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Vietnam's cats live in peril as demand for their meat rises

HANOI--The enduring popularity of “little tiger” as a snack to accompany a beer in Vietnam means that cat owners live in constant fear of animal snatchers, despite an official ban.

At an unassuming restaurant next to a carwash in central Hanoi, a cat is prepared for hungry clients: drowned, shaved and burned to remove all fur before being cut up and fried with garlic.

“A lot of people eat cat meat. It's a novelty. They want to try it,” said the establishment's manager To Van Dung, 35.

Vietnam has forbidden the consumption of cats in an effort to encourage their ownership and keep the capital's rat population under control.

But there are still dozens of restaurants serving cat in Hanoi and it is rare to see felines roaming the streets — most pet-owners keep them indoors or tied up out of fear of cat thieves.

Such is the demand from restaurants that cats are sometimes smuggled across the border from Thailand and Laos.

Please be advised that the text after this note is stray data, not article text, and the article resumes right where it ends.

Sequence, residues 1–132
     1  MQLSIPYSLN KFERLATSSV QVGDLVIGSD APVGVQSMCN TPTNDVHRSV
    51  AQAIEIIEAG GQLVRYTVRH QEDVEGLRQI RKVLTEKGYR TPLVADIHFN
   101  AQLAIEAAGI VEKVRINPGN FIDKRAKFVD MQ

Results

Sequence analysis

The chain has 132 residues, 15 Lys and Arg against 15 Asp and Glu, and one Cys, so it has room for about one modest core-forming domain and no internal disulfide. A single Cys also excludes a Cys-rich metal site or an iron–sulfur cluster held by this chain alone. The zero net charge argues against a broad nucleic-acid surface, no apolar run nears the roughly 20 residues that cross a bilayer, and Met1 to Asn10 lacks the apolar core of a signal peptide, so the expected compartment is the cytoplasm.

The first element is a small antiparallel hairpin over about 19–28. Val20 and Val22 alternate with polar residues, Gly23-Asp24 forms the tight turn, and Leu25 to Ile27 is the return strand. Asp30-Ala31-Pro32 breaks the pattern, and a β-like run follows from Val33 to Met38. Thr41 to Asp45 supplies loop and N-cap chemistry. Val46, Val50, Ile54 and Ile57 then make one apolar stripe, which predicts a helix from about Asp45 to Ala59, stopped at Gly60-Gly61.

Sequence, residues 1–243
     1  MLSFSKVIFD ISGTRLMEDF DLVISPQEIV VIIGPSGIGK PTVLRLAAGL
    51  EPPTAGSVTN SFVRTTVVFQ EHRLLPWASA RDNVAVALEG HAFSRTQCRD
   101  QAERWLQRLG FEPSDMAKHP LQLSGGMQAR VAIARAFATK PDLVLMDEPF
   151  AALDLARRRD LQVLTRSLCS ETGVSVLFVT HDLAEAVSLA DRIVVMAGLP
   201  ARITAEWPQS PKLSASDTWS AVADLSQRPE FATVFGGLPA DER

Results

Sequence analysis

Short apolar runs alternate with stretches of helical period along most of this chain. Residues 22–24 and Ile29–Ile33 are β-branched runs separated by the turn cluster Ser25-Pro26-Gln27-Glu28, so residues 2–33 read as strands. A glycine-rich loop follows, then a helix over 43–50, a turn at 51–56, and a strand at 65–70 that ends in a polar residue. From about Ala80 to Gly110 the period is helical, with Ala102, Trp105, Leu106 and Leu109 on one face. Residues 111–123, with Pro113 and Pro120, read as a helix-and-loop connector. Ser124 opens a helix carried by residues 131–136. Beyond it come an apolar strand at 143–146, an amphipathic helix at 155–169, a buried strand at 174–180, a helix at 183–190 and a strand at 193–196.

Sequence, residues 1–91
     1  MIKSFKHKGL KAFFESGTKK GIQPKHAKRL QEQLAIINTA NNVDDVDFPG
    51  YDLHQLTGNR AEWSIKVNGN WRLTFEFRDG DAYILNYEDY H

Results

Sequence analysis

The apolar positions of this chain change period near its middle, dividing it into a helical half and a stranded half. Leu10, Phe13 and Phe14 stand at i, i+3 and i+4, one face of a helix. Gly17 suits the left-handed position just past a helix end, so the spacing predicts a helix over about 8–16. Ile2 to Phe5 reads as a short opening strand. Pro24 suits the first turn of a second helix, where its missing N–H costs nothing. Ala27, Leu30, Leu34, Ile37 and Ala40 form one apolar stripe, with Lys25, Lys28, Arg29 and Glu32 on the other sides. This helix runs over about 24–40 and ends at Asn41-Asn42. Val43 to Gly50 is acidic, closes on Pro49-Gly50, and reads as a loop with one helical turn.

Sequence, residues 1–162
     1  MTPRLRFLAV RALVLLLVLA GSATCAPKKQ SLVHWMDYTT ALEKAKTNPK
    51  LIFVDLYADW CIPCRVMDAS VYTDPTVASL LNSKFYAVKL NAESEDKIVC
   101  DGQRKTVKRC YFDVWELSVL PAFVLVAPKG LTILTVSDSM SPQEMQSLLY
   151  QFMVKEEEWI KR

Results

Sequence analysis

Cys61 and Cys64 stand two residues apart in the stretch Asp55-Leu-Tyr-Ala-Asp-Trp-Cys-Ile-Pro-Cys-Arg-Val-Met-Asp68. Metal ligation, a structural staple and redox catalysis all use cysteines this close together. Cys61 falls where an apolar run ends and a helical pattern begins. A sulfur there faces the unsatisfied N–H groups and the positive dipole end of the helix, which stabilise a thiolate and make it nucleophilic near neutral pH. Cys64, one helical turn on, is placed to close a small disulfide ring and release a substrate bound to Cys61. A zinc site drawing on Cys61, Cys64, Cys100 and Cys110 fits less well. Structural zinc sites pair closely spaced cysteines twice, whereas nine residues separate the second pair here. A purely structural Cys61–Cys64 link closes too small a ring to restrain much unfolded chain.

Dung said that he had never had problems with the law. He buys his cats from local breeders but also so-called cat traders, with few checks on their sourcing.

“Little tiger” is typically enjoyed at the start of each lunar month, unlike dog meat which is eaten at the end.

On a busy day, the restaurant can serve around 100 clients.

Vietnam's penchant for eating animals that are considered pets in many other countries came about largely as a result of circumstance, said Hoang Ngoc Bau, one of Hanoi's few trained vets.

“The country was once very poor, and we had a long war. We ate everything we could to stay alive,” he told AFP. “Insects, dogs, cats, even rats ... It became a habit.”

Bau decided to become a vet after his pet dog saved him from a poisonous snake when he was a child. “From that time, I had a debt to dogs,” the 63-year-old said.

“No one is breeding dogs and cats for slaughter. So nearly all the animals in restaurants are trapped and stolen,” Bau said.

“For me and other pet lovers in Vietnam, they're our best friend,” added the vet.

Yet some people manage to reconcile society's dual affection for cats.

Le Ngoc Thien, the chef at one Hanoi cat meat restaurant, keeps a cat as a pet — but when it is big enough he will cook it and get a new kitten to repeat the cycle.

“When my cats become old we kill them because according to our tradition when a cat gets old we need to change it and get a younger one,” he said.

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